Guarding the rights of children in court


We sit in the basement of a Georgian building on Ely Place, Dublin, the law practice where child protection solicitor Catherine Ghent works.

We are either side of a long wooden table; behind Ghent’s back are mounds of boxes containing case files. She apologises for not bringing me to her office upstairs – it is too full of boxes, she says.

Hardly surprising – Ghent (36), who joined Gallagher Shatter over a year ago, generally has at least four cases a day in the courts.

Her legal instinct, she says, goes back to growing up in Tyrone in a Catholic family; she was very aware of discrimination. “I grew up in a house with a very strong emphasis on civil rights, grew up with a view that a community having suffered it [discrimination] had a duty to ensure it never happens to anyone again.”

Her parents were “very anti the violence” and she was aware of human rights lawyers Pat Finucane and Rosemary Nelson and “the necessity that things be protected through the courts”. She went to Trinity College Dublin to study law and thought it would be “all about civil rights” but found it “more about contract and land law”. She nearly switched to music until she discovered criminology and human rights law.


She started her apprenticeship with criminal law firm John Quinn Co, which at the time had the biggest practice in the children’s court.

“The first time I read a social work report I literally could not believe what I was reading. I found it really upsetting. I couldn’t believe that a 13-year-old child would be the subject of the abuse I was reading about and I just thought we had to do something to help.”

She spent a lot of time representing children in criminal law cases. At the children’s court she formed the view that so many there hadn’t been given adequate protection to grow and develop in the same way as other children.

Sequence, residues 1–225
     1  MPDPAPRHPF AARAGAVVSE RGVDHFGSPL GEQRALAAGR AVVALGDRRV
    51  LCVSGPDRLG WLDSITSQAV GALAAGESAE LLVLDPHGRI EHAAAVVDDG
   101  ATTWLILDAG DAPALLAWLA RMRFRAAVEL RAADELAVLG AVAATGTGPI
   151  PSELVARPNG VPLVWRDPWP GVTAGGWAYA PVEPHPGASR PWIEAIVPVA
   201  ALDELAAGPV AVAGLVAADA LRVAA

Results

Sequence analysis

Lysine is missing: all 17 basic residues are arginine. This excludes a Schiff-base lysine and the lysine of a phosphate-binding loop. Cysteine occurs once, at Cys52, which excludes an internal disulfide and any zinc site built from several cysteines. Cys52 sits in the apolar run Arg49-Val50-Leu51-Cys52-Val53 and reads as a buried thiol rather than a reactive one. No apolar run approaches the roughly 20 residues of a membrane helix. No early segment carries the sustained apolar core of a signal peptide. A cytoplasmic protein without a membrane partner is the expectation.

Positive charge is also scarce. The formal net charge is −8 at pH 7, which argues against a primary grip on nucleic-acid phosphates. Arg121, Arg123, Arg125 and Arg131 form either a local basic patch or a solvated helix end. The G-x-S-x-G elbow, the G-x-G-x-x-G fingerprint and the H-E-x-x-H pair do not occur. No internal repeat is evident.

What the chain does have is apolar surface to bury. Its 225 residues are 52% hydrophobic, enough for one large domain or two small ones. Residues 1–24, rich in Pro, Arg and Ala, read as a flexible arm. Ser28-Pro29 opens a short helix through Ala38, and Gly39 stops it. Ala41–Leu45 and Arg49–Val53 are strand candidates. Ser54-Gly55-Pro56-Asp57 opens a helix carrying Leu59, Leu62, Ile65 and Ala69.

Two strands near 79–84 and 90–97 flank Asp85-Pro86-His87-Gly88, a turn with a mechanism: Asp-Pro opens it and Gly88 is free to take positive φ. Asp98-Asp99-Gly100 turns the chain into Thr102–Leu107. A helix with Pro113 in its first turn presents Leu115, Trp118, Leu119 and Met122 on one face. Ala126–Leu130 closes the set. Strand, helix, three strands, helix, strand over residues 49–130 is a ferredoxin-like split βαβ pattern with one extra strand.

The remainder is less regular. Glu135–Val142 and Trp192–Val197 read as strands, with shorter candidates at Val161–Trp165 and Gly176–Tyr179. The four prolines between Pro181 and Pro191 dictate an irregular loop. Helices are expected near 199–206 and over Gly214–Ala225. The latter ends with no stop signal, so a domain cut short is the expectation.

“You hear their history and you say why was this child left in those circumstances? Or else you hear they were removed from the home and had 16 placements by the age of 12.

“For anybody who has a functioning, supporting, loving family, to move 16 times would be extremely difficult, but when you have been rejected by everybody in your life, each placement move is a further rejection compounding all the other issues.”

She does not see background as an excuse for bad behaviour but “if you want to stop crime you have to understand where that came from”.

Now 97 per cent of her work involves representing guardians ad litem in court. The court appoints these guardians, in cases such as those taken by the HSE, to convey the voice of the child and independently assess what is in the child’s interest. Guardians appoint solicitors in court to advocate for them.

She seems to get the most complex of the cases, she says with a wry smile. She tries to make sure in the battles between parents and the HSE, and within the HSE in terms of resources and best practice, that children are listened to and their welfare is paramount.

She sees two types of parents in her work, she says – those who are vulnerable and really love their children but just can’t care for them, and those who do very bad things to their children. She admits it is hard to go home at night when a child she thinks should be in care is not. “It’s also sometimes difficult to deal with what has happened to children, the viciousness, the cruelty of it.”

Every so often, she comes across a case where there are children who are so resilient despite everything that has happened to them. “You see an absolute spark of potential and it is very difficult at times to see that potential gradually fade because of circumstances not of their own making. You have to have empathy; the day you’re unshockable is the day to leave child protection.”

Bad practice

She abhors the practice of sending some children, the subject of secure care orders, out of the jurisdiction for specialist care in England and Scotland. “We should be building those units here; we should not be exporting children.”

Society needs to take ownership of these children, she says.

“Just because you might have grown up in a nice area and you don’t meet people like that in your school and you don’t meet people like that in your job, in your social scene, doesn’t mean you don’t have any link to them.”

There needs to be greater accountability and better analysis of spending too, with “brave” investment in things which will not show immediate results, like early intervention, breakfast clubs, family support, early identification of speech and language difficulties.

She queries why the HSE has senior counsel in every case and why “adversarial positions are being taken”.

“If there was more openness, there would be greater appreciation of the need for collective thinking and collective responsibility and the potential to learn from the other person’s perspective. Children get lost when people step into defensive mode.”

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